670. Robert Southey to Charles Danvers, 18 April [1802]

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670. Robert Southey to Charles Danvers, 18 April [1802]⁠* 

My dear Danvers

I write because Horace Bedford is going to Bath & can so far frank the letter. Kings did not go by Losh as you imagined but by Mrs Keenan [1]  who I thought would have made Bristol in her way to Exeter. Tell Rex to make his vignette [2]  just what size he thinks best proportioned to an octavo title page. I should object to the youth & scroll because that seems to admit that the papers were found there, which assuredly they were not. a visitor may be put there – he himself if he likes it making the drawing. I have this morning seen his friend M. Voullaire [3]  & as far as half an hours conversation can justify, admire him much. I am going in spite of half a hundred other occupations to acquire by his help a grammatical command of French. On Tuesday evening he commences his visits – & if I do not profit by them – in conscience it will be the fault of the scholar.

Burnett is here. it was a mistake of Jibletts [4]  that he was going to Bristol. Lord Stanhope [5]  has not yet given him the salary – but he will I suppose receive it as soon as they meet. George feels a little too comfortable upon the certainty of a years funds. however I hope that I have found him a job from Longman & Rees – to translate a French book, which will at least keep him two months, & perhaps introduce him to more work till he find a steadier & better employ. – In my last letter to King I mentioned that preliminaries were going on between me & the booksellers. I have undertaken to reduce Amadis de Gaule into three duodecimo volumes for them, anonymously. [6] not like Tressan in his french abridgement has too much modernised the language & Frenchified the feeling of the book. [7]  I take the old English translation, [8]  & compress it, as nearly as may be into the language – which x is by no means obsolete – not more so than the Bible, & this best suits the character of the book. I prefix an Essay on Romance. for this they offered me, with my name to the Essay only, 100 £. It would have been imprudent to let my name appear – because the notion that I am of a man of business may help me on in the world. they then offered 60 £ when the book was done, & when 750 were sold the remaining 40. £. I have bargained for 30 £ more if a second 750 sell. the definitive answer is not yet come – but I have no doubt they will accede to the terms. Rees [9]  said so, & only the formality remains of Longmans assent. Now as my name is not to be publickly known, neither should it privately. I am trying to persuade them to have vignettes, which if I can effect I would beg King to design, & take the fair price for them which the booksellers usually pay. & so sure am I that with the subjects which I should chuse, a print in the title page would encrease the sale of the book, that if they will not otherwise accede, I will propose to them to risque a ten pounds of my own certain profit. There is a farther view in this job. if the book sells which is highly probable from its name & excellence, they will go thro the whole army of Romances in the same manner – indeed this is meant as an experiment with that in view. [10]  Now I believe that Edith can help me at this work, & Mrs Lovell also – whom, if the book sells & the plan proceed I could thus enable comfortably & respectably to maintain herself. you see another reason for anonymousness.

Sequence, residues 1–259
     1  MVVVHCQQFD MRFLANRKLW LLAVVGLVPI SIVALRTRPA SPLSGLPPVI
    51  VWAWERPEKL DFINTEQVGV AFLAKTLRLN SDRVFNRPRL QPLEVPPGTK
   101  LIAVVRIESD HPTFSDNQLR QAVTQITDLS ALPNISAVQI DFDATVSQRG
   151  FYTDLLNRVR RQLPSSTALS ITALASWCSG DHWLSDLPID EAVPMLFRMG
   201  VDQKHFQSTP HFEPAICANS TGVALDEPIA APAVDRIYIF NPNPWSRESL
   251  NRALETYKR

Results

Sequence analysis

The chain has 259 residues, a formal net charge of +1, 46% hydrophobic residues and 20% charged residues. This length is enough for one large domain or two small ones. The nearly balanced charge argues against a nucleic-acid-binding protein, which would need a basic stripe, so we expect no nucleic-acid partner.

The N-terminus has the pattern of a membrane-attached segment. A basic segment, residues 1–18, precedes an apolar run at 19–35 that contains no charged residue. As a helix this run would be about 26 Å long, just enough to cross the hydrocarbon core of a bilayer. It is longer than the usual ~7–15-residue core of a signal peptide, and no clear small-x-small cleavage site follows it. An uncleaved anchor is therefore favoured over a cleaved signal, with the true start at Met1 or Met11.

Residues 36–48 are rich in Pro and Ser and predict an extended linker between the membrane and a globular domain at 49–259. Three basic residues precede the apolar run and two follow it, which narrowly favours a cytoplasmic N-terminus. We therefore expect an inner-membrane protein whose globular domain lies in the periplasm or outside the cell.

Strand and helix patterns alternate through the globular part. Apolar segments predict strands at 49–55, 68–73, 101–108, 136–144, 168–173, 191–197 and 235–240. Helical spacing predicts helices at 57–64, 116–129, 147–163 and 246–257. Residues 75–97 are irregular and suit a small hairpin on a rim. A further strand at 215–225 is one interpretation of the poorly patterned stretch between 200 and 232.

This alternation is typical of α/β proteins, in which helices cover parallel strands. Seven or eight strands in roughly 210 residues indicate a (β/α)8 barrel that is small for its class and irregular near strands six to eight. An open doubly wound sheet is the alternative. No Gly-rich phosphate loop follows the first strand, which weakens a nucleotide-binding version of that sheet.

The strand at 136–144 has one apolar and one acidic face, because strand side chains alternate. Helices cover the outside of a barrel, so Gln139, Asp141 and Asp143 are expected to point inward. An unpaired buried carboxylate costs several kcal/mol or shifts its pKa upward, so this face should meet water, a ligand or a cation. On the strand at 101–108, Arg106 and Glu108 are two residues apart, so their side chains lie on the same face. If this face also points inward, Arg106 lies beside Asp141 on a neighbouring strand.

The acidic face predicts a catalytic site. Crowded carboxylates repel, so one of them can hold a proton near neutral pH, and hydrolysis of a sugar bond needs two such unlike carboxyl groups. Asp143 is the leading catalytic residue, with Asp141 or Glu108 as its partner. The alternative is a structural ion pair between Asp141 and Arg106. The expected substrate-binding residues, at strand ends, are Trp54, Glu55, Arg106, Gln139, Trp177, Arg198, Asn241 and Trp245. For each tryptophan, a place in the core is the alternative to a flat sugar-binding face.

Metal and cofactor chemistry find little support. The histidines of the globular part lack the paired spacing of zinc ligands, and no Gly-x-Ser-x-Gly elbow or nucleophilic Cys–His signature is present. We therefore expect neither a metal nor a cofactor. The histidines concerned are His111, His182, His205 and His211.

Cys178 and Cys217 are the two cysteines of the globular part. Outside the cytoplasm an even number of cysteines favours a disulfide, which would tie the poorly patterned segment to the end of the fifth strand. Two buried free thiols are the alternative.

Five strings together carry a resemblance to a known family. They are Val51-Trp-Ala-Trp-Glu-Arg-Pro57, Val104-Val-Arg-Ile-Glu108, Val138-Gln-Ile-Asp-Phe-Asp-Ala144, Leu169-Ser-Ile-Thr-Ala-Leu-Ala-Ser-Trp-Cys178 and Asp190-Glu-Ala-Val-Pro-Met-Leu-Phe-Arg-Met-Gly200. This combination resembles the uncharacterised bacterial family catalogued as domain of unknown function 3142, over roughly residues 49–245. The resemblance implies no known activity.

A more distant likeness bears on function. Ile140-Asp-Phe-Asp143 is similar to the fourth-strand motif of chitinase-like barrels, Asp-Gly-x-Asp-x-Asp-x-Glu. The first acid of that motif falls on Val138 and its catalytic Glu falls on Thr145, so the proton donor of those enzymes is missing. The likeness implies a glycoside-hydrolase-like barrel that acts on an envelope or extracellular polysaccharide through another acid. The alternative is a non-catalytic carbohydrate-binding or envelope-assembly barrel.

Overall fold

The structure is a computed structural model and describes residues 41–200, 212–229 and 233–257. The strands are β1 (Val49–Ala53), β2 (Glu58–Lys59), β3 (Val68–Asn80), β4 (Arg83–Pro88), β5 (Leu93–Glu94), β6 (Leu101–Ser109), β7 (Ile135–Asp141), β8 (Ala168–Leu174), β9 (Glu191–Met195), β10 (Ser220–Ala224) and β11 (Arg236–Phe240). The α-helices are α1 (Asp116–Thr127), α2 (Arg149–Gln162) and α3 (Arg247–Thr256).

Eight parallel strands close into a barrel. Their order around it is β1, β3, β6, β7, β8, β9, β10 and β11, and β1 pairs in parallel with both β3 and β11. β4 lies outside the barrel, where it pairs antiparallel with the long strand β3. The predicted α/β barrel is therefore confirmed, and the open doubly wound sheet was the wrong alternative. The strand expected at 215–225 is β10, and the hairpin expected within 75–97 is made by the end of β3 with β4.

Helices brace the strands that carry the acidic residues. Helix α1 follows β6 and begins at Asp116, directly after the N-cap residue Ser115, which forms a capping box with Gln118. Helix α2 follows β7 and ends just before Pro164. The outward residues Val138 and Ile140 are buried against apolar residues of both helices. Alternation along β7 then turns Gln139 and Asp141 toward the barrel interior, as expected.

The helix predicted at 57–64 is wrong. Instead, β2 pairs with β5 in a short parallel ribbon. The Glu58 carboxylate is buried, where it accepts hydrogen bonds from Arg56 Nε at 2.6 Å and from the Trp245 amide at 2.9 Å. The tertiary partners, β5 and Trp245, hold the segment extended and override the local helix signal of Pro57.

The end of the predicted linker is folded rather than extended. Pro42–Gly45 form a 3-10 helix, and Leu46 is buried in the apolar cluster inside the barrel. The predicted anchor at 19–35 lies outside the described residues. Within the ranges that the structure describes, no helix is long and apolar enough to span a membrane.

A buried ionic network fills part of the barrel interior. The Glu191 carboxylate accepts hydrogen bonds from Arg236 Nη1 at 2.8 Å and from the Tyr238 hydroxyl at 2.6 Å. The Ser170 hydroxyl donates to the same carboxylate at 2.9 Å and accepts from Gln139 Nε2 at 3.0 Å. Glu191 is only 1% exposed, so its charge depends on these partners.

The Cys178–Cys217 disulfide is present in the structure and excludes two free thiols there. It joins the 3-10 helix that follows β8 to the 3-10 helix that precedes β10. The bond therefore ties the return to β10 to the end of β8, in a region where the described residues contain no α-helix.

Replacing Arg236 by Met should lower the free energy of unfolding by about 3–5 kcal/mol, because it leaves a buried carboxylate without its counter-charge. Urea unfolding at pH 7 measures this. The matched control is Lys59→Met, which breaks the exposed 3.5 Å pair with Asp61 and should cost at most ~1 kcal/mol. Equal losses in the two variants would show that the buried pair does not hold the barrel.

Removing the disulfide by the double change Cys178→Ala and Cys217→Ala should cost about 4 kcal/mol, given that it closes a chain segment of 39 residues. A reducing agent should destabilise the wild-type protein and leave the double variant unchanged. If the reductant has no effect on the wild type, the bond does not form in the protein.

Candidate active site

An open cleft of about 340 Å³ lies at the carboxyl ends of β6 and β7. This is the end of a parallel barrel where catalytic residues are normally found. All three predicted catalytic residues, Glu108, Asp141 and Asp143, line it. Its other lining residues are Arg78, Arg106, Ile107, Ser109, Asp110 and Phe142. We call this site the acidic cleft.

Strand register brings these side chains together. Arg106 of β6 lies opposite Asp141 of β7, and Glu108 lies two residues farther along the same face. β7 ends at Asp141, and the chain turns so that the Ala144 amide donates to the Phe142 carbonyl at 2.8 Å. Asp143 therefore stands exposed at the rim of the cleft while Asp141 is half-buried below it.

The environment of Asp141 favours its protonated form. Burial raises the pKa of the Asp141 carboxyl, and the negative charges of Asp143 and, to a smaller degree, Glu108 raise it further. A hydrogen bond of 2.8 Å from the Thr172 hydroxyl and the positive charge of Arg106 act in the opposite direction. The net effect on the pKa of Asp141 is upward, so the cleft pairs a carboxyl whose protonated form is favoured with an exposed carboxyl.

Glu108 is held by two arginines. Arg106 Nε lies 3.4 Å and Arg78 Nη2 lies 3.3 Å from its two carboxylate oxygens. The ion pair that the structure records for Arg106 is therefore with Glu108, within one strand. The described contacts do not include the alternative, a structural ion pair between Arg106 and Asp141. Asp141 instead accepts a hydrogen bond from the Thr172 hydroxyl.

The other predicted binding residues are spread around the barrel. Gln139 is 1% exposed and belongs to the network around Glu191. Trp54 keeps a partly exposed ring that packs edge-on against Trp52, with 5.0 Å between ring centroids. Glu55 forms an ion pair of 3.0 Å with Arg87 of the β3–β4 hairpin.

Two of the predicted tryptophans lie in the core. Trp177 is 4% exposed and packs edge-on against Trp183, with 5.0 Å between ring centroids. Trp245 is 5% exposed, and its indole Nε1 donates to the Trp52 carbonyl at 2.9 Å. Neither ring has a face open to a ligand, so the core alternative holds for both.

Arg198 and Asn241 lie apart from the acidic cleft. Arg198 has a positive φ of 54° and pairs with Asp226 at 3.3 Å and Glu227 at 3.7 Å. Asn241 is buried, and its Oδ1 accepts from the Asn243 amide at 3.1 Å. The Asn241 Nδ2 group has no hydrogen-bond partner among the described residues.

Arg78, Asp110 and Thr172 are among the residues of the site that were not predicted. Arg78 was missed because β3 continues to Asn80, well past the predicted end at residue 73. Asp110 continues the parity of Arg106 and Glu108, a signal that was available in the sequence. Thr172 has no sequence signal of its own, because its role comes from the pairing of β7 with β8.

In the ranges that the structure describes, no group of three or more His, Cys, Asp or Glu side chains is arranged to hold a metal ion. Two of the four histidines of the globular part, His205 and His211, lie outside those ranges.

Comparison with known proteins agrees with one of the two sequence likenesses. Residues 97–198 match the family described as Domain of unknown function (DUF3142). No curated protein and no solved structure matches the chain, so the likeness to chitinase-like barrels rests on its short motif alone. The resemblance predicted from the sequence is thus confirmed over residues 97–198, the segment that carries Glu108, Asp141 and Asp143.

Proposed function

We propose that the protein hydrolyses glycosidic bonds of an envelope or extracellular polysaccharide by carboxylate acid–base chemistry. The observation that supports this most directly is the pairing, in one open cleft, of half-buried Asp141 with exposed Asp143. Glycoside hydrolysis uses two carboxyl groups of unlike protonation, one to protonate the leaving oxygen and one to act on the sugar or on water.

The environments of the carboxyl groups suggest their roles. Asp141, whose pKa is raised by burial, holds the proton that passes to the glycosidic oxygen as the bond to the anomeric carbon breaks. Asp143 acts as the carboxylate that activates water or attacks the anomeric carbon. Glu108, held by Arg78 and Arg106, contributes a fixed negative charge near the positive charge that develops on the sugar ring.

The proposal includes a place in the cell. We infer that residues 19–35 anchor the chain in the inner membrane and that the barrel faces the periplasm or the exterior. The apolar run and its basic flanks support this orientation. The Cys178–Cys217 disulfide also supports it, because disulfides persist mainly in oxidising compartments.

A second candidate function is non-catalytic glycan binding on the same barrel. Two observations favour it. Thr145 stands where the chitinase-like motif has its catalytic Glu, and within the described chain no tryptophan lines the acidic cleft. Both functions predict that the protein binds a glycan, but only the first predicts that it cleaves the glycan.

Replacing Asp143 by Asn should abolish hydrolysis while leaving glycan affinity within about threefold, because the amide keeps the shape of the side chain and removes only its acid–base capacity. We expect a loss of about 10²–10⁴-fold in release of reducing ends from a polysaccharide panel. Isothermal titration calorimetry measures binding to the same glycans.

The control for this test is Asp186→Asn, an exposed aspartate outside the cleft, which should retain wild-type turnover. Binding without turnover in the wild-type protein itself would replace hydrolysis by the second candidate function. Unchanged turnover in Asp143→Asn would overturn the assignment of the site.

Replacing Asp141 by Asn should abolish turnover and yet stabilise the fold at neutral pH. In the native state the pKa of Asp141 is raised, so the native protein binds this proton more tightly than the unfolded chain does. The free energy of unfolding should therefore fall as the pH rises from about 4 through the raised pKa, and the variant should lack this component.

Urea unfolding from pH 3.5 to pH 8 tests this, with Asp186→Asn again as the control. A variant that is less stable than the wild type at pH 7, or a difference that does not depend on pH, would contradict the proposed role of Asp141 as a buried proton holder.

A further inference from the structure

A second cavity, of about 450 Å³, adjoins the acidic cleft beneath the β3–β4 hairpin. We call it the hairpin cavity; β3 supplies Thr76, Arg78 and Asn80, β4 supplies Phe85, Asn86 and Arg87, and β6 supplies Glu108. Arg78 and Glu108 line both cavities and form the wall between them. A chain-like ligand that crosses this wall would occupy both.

I have talked more with Carlisle about the probability of your brother Johns [11]  setting up in London. he thinks there would be little chance of success. that the trade here is overstocked, & that to succeed many & xxx friends are necessary, & money enough to be able to wait for practise.

Poor Thomas had no partner. he managed all my Uncles church affairs, granting leases &c – which must now be put into the hands of a stranger, instead of a friend. the money which he had in his hands will of course be paid by his Executors – but God knows when – nor can I draw for it upon them.

Elmsley is just called to walk with me to Brixton – where this must go to the Postman. so perforce I conclude. We shall see you in a month – & I hope we sha may find Mrs D. well. I think she will be amused & interested with the progress of Amadis which is truly a delightful book.

God bless you.

yrs affectionately

Robert Southey.

Sunday April 18.

Published @ RC

August 2011